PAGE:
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Sen. Mike Lee, R-Utah, is leading the charge to pass legislation to make it harder for the government to see your emails.

Lee is championing S. 356, also known as the Electronic Communications Privacy Amendments Act, which would require officials to get a warrant or court order to gain access to emails just as they currently do to search Americans’ mail or enter their homes. He said there are no restrictions on the government searching emails.

“Nothing. All the government has to do is have is the thought, ‘I want to go after so-and-so’s email.’ They don’t have to go get a court order. They don’t have to get a warrant. They just have to decide they want it. As long as the email is at least 180 days old, they can get it,” Lee explained.

“That’s wrong. That violates the spirit, certainly, and also probably the letter of the Fourth Amendment. Yet this has been in law, in statute, since 1986,” he said.

Therein lies the problem. The law has not been updated in 30 years. Lee said lawmakers had no way of knowing how pervasive email would become or even conceiving of cloud-based technology. But he says that’s no excuse for not updating the law.

He says what the House and Senate legislation calls for is very simple.

“You would have to get a court order. You would have to have access to some type of official process in order to gain access to somebody’s emails. It’s not enough that it would simply need to be 180 days old,” said Lee.

The legislation is getting blowback from some government agencies, mainly the Securities and Exchange Commission, or SEC. Lee said its argument is pretty straightforward, and so is his response.

“The objection is this could make it more difficult for government to gain access to documents that it wants. And my response to that is yeah, that’s the whole point,” he said.

“That’s also the whole point of the Fourth Amendment. For that matter, that’s the whole point of having a Constitution at all. You want to make things more difficult for the government to do. That’s what we call rights. That’s the whole reason why we have a Constitution in the first place.”

Listen to the WND/Radio America interview with Sen. Mike Lee, R-Utah: 

Lee said it’s time for the government to honor all aspects of the Constitution, in this case protections against unreasonable search and seizure.

“The Fourth Amendment’s not just a good idea,” he said. “It’s also the law. It’s there for a reason, and it’s there because governments tend to abuse too much power when they have access to it.”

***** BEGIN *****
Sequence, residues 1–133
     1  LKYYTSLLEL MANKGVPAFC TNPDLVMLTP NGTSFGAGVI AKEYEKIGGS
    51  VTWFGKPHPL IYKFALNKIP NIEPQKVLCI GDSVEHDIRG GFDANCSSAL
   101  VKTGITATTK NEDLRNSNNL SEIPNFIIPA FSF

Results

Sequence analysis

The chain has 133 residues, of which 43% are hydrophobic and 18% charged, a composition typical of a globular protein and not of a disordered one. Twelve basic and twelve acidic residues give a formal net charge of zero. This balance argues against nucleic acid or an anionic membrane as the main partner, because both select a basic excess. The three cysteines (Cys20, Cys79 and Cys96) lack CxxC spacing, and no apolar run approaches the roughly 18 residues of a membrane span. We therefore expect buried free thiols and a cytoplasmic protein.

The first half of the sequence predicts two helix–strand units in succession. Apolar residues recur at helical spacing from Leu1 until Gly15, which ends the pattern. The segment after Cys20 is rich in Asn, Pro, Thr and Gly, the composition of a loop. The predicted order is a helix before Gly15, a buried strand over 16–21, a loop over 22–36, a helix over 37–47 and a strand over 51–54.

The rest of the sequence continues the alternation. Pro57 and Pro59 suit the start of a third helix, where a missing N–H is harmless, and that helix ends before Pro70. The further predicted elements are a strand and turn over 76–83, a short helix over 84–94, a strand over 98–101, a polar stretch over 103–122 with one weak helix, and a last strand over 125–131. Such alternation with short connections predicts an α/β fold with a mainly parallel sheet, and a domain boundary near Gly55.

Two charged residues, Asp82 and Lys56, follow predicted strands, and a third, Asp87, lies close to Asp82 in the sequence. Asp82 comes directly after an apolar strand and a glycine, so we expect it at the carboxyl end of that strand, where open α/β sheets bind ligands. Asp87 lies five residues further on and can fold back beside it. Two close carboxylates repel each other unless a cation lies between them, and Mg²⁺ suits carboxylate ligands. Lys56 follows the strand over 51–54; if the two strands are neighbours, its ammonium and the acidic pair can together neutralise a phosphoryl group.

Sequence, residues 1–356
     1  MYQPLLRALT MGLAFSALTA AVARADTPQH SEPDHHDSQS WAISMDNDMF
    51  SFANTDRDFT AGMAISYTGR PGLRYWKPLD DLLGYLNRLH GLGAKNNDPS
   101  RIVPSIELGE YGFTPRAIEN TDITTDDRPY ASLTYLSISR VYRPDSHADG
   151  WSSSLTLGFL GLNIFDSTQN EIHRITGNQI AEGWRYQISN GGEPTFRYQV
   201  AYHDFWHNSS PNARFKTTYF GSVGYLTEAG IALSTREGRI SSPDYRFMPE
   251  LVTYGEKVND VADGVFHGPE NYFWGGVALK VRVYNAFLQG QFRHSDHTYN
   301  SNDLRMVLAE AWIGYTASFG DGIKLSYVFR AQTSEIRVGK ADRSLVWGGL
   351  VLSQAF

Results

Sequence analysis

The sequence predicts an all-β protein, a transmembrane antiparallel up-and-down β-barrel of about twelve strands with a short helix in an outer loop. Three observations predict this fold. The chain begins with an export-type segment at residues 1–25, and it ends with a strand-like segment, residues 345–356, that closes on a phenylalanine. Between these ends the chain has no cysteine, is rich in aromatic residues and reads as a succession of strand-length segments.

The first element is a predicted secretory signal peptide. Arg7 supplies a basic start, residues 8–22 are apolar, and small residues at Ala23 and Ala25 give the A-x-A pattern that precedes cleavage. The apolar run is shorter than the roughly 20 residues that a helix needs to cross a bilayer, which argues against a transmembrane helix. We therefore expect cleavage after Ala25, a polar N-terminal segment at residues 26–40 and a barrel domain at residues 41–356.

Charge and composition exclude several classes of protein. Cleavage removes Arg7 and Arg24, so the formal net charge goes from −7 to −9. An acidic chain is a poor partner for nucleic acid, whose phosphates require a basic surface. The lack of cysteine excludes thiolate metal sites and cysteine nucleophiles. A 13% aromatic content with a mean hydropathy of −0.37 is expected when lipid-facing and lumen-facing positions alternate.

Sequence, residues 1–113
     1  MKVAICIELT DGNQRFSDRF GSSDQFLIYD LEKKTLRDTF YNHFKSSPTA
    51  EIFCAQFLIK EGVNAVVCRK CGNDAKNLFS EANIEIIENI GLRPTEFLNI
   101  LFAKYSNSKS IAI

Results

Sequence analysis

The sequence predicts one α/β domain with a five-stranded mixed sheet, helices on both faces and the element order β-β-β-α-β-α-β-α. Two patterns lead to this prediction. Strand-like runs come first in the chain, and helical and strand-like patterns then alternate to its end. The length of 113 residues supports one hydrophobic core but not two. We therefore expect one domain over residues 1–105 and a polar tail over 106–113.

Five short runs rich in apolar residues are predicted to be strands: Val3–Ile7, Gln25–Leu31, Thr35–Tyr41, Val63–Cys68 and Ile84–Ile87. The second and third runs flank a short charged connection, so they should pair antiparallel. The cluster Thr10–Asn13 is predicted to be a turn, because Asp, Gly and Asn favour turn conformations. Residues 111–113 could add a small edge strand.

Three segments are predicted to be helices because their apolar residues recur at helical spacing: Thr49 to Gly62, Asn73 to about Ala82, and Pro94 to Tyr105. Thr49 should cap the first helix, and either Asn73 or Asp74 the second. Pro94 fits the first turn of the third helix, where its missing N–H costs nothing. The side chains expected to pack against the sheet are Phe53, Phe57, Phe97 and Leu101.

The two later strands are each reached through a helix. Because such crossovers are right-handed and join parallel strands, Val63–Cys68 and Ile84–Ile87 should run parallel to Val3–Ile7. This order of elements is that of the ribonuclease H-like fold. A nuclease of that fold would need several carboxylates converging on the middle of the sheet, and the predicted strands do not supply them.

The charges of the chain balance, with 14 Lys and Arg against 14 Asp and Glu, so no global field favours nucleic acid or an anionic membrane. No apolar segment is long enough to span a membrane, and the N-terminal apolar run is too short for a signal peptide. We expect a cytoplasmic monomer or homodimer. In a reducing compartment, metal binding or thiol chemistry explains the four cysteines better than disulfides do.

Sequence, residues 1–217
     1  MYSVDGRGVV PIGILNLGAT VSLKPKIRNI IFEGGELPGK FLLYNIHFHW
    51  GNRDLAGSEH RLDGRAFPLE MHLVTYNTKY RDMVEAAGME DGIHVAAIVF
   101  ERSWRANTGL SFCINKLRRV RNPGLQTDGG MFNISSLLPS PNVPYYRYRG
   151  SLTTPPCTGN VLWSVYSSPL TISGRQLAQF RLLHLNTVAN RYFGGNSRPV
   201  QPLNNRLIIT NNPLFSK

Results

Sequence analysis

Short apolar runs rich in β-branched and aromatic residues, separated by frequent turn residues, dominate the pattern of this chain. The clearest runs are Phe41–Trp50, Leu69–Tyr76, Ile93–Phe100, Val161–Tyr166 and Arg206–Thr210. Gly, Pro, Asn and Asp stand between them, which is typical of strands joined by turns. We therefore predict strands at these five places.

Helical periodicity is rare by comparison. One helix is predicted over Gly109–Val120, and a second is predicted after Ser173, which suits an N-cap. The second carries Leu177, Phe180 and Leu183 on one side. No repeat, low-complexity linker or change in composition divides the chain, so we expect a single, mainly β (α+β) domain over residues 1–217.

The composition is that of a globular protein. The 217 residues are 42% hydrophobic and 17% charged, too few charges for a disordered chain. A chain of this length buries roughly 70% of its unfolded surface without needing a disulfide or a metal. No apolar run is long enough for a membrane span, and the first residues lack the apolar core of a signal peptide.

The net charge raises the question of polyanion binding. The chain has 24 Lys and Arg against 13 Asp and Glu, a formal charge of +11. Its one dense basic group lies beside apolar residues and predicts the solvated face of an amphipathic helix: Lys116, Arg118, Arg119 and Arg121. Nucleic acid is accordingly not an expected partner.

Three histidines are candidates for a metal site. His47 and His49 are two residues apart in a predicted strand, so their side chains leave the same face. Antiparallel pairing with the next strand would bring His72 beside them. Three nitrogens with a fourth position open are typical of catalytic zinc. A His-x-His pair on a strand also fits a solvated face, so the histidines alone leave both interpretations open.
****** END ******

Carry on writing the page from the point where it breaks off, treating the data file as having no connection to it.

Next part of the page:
Lee said the SEC has been leading the opposition to the bill while intelligence agencies have not been as active as they have in other privacy debates.

“They’ve been less vocal on this issue, in part because they’ve got other tools that they can use to gain access to what they need,” he said. “The Securities and Exchange Commission has been the most vocal of the agencies on this one. But again, I just don’t think that their argument carries the day.”

The House version of the bill, HR 699, has more co-sponsors than any other piece of legislation. The Senate bill is also popular, and petitions from the public have more than 110,000 people demanding passage. However, the two lawmakers who matter most have no inclination to take action.

Senate Judiciary Committee Chairman Chuck Grassley, R-Iowa, and House Judiciary Committee Chairman Bob Goodlatte, R-Va., have not even marked up the bills, much less tried to move them out of committee.

“This does not appear to have been a priority for them so far. I’m trying to change that,” said Lee, who noted that Grassley and Goodlatte harbor the same reservations as officials at the SEC.

“They have some concerns because some of the things that some government agencies, especially and including the SEC, have expressed. I understand that concern. I get it, but in my mind that doesn’t obviate the need for the legislation. Far from it. It actually highlights the need from it,” he said.

Lee said it is vital for Congress to act rapidly on the legislation for multiple reasons. First, he said Americans deserve these Fourth Amendment protections as soon as possible. Second, he insisted there is enthusiasm in both parties in both chambers to get this done, and President Obama is likely to sign it. Finally, he does not want to have to start over on this in the next Congress when there is no guarantee on what the balance of power will be.

He encouraged concerned Americans to demand action from their senators and members of Congress.

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